I’m very aware of the presence of a reader, and that probably is a reaction against a lot of poems that I do read which seem oblivious to my presence as a reader.
I try to write very fast. I don’t revise very much. I write the poem in one sitting. Just let it rip. It’s usually over in twenty to forty minutes. I’ll go back and tinker with a word or two, change a line for some metrical reason weeks later, but I try to get the whole thing just done.
Often people, when they’re confronted with a poem, it’s like someone who keep saying ‘what is the meaning of this? What is the meaning of this?’ And that dulls us to the other pleasures poetry offers.
I know my voice has a limited range of motion; I don’t write dramatic monologues and pretend to be other people. But so far, my voice is broad enough to accommodate most of what I want to put into my poetry. I like my persona; I often wish I were him and not me.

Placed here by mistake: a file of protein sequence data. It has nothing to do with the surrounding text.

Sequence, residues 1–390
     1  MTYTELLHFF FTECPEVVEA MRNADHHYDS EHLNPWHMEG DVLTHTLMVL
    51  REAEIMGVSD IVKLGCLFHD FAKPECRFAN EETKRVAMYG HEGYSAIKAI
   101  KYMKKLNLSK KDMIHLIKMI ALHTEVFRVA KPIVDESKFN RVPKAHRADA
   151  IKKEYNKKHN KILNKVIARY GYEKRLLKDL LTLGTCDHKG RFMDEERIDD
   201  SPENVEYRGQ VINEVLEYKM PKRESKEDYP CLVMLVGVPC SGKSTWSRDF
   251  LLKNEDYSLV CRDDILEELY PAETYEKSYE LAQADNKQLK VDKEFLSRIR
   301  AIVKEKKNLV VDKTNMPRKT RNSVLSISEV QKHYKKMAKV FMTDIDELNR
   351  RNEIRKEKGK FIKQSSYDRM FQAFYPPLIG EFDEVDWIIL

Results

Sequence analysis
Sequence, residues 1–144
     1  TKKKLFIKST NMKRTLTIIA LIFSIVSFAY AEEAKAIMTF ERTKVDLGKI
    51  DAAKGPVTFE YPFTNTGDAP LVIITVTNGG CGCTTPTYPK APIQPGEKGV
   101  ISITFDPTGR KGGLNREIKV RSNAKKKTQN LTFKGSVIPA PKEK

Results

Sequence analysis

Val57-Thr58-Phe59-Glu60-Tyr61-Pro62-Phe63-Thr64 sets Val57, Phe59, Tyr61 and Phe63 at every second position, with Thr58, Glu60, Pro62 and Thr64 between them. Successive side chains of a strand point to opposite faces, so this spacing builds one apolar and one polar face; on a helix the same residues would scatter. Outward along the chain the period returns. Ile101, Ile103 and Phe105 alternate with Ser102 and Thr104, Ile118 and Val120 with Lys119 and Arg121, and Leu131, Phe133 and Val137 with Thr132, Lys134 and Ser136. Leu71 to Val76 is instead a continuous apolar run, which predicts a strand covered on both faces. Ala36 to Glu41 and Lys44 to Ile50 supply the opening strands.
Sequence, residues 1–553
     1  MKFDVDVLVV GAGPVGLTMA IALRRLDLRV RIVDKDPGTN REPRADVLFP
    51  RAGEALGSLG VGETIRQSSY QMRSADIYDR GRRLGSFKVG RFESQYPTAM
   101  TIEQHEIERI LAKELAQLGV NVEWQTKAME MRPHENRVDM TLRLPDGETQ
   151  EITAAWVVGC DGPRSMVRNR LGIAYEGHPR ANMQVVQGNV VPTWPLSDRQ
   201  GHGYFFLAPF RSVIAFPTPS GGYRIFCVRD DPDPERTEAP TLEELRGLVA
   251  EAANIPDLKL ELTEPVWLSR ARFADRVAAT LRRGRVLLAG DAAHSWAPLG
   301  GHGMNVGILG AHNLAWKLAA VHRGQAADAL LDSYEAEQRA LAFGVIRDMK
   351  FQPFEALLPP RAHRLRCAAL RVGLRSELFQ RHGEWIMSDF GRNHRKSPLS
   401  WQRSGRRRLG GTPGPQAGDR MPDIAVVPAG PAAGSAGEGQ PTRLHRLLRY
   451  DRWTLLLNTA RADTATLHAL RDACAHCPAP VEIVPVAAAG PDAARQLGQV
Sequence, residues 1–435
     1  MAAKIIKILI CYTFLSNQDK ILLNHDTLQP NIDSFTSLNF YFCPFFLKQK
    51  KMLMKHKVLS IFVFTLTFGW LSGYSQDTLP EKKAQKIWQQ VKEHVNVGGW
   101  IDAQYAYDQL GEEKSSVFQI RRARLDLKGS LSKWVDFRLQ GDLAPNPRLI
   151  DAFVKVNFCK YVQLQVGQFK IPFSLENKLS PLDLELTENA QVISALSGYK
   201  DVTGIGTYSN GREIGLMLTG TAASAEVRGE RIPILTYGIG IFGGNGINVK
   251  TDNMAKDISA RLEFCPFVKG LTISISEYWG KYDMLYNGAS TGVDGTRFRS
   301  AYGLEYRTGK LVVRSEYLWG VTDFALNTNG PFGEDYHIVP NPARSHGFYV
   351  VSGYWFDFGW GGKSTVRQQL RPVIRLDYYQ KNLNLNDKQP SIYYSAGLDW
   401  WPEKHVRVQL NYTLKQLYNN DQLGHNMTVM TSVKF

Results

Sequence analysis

The poets who have written the best poems about war seem to be the poets whose countries have experienced an invasion or vicious dictatorships.
I don’t think anybody reads a book of poetry front to back. Editors and reviewers only. I don’t think anybody else does.
Very few people have actually read Freud, but everyone seems prepared to talk about him in that Woody Allen way. To read Freud is not as much fun.
The public is probably more suspicious of poets than women, and maybe for good reason.
I’m a great believer in poetry out of the classroom, in public places, on subways, trains, on cocktail napkins. I’d rather have my poems on the subway than around the seminar table at an MFA program.
I’m trying to write poems that involve beginning at a known place, and ending up at a slightly different place. I’m trying to take a little journey from one place to another, and it’s usually from a realistic place, to a place in the imagination.